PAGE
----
“My first job out of high school was for the South Dakota Chamber of Commerce,” said Susan Lamb, explaining that her boss, Joan Likness, was a fan of the movie ‘A Christmas Story.’ “It was her favorite movie, and she had the Christmas Story ornaments. She got me hooked on the annual ornaments and an occasional splurge on a Christmas village building.”
‘A Christmas Story’ is a 1983 American Christmas comedy film which is presented in a series of vignettes, with narration provided by the adult Ralphie Parker reminiscing on one particular Christmas when he was nine years old.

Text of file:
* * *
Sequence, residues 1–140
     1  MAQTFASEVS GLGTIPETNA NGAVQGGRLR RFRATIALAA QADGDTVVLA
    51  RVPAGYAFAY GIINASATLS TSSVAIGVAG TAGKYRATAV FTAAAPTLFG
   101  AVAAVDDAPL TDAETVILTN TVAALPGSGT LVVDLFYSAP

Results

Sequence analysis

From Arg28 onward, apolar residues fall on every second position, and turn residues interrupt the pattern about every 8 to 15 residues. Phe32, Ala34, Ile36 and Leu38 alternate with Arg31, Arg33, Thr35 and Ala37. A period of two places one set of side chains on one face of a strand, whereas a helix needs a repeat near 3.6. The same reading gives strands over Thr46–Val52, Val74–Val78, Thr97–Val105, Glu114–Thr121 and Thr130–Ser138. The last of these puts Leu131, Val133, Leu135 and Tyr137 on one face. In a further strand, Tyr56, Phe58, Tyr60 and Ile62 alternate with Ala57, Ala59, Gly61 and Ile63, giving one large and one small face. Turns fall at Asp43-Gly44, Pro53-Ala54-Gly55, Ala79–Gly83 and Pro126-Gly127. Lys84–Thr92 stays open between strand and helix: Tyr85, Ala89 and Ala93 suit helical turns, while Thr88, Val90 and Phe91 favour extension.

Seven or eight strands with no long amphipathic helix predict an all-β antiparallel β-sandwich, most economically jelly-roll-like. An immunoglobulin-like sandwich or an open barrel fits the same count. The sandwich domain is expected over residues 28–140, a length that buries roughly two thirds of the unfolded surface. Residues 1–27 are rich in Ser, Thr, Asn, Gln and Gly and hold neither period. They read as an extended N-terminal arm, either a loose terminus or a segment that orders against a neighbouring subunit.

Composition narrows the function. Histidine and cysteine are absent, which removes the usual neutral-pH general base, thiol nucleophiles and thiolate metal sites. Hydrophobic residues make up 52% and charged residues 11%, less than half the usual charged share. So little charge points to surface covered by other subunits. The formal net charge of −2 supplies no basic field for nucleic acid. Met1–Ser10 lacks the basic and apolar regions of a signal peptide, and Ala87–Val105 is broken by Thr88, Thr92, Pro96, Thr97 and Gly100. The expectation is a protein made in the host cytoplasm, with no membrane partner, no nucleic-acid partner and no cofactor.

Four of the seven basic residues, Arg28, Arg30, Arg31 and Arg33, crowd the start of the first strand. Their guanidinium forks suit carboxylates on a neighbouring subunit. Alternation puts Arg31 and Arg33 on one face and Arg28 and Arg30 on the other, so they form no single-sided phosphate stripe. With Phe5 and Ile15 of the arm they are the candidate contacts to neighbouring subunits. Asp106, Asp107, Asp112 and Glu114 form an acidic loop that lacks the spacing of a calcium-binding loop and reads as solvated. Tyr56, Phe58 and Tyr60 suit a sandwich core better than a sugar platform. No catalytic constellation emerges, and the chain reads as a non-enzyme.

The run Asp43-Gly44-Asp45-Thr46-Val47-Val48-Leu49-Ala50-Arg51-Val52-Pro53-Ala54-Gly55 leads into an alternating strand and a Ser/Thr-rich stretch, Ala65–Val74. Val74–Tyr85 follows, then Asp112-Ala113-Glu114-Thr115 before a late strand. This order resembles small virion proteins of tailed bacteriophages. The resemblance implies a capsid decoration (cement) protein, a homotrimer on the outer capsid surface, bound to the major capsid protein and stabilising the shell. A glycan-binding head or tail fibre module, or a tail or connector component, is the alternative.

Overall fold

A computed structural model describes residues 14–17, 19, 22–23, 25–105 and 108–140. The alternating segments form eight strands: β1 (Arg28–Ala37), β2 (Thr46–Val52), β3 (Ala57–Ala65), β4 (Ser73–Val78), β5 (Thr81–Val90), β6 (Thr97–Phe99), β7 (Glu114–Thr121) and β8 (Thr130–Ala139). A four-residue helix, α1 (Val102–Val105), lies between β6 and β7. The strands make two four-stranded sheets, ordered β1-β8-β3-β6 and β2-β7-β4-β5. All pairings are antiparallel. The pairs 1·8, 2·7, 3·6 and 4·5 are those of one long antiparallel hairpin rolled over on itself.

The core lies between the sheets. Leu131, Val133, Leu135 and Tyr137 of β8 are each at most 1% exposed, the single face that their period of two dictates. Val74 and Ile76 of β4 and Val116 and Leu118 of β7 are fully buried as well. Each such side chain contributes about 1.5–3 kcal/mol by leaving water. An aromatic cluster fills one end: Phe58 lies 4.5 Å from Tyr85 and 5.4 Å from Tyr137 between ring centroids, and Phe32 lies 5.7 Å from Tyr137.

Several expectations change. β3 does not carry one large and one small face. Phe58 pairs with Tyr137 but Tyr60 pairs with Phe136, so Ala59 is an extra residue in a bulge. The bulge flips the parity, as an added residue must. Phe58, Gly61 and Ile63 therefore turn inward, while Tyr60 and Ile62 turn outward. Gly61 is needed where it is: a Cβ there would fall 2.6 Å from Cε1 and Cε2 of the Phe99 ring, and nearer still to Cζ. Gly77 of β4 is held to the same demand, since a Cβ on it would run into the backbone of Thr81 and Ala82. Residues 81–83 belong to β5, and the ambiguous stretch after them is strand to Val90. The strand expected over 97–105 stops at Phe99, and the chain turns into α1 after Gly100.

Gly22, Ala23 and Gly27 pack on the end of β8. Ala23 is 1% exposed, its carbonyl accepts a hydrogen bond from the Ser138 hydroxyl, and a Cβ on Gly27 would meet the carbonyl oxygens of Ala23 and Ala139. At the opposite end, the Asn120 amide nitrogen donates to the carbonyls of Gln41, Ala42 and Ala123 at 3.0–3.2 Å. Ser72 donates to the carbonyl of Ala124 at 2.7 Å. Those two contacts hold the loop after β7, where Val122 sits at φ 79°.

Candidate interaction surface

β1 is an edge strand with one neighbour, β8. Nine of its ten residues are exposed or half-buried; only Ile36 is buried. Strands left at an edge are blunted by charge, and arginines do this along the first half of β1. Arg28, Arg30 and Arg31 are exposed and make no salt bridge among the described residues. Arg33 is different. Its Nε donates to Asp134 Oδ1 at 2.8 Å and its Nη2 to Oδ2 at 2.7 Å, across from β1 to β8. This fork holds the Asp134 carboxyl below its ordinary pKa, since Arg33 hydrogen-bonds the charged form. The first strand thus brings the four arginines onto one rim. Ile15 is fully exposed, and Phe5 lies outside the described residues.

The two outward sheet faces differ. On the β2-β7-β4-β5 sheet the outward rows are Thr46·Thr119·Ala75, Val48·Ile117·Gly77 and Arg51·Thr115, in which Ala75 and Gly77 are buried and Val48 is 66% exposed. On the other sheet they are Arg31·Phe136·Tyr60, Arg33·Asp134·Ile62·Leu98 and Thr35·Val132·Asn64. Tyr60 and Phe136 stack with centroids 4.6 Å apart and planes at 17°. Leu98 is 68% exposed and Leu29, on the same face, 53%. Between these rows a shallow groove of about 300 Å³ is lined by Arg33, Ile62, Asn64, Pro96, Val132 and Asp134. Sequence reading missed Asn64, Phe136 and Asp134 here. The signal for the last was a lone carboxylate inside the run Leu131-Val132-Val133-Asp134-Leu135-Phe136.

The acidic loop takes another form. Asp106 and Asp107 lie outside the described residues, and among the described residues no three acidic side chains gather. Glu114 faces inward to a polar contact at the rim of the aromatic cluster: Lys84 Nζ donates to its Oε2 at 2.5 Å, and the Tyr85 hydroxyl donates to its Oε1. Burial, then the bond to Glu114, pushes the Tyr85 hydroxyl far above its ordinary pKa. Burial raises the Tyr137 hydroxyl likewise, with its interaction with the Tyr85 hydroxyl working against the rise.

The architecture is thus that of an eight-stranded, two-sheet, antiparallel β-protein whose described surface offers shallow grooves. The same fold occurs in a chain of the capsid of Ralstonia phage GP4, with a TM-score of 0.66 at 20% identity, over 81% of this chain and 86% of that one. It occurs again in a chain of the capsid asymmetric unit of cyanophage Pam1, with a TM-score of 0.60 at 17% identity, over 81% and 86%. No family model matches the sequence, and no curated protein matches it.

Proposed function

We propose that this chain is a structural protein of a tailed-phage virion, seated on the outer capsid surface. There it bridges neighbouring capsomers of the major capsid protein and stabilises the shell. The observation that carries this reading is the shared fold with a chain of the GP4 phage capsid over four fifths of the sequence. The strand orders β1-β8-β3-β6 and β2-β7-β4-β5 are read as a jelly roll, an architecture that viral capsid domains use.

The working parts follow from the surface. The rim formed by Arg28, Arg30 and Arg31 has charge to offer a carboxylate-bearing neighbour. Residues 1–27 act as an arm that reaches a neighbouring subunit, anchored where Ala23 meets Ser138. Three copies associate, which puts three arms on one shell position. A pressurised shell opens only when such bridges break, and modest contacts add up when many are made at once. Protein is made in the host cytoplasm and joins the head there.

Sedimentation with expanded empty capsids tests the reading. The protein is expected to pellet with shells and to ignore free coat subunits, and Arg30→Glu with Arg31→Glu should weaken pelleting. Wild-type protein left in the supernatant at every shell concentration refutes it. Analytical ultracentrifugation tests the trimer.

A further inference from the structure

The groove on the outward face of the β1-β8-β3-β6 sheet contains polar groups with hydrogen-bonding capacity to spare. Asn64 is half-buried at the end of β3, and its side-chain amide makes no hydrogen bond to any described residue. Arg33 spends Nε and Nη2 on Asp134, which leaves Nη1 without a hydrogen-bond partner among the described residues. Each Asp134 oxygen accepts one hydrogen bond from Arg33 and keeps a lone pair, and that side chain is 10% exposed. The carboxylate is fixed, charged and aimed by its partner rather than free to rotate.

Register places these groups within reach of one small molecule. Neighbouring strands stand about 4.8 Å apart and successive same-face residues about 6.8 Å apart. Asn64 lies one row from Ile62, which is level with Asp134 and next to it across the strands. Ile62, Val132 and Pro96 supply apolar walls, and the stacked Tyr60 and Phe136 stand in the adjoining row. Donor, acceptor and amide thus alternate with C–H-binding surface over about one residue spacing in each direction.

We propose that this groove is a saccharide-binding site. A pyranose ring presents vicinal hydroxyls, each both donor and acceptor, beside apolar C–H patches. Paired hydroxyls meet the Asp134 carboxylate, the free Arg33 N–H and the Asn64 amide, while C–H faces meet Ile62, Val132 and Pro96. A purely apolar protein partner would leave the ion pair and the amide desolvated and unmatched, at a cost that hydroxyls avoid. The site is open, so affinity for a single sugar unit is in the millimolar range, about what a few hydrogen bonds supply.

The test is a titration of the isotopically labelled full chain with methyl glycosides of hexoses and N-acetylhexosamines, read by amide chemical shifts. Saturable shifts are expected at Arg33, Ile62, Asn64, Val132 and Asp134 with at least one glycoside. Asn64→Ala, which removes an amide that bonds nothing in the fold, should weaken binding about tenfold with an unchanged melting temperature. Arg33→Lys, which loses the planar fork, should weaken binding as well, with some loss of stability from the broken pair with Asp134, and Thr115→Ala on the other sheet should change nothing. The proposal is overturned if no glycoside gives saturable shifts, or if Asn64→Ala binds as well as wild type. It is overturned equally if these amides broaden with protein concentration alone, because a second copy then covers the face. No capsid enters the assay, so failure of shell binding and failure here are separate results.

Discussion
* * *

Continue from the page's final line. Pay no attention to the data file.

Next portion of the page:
Susan’s Christmas village emulates scenes from the movie with Ralphie’s house taking center stage. She also decks out her home with other ‘A Christmas Story’ theme items.
The leg lamp from the movie is probably one of its most iconic props. “I got this leg lamp for my birthday,” said Susan. “The blow up leg lamp on my deck I got for Christmas one year.”
When Susan sets her Christmas table, she uses not dishes with gold trim or poinsettias, but rather the ‘A Christmas Story’ set she acquired when Walgreens was selling them. “The plastic bowls, cups and plates are my Christmas dishes.”
The movie reveals Ralphie’s most fervent Christmas wish: a Red Ryder Carbine Action 200-shot Range Model air rifle. Ralphie's desire is rejected by his mother, his teacher Miss Shields, and even a Santa Claus at Higbee’s department store, all giving him the same warning: "You'll shoot your eye out."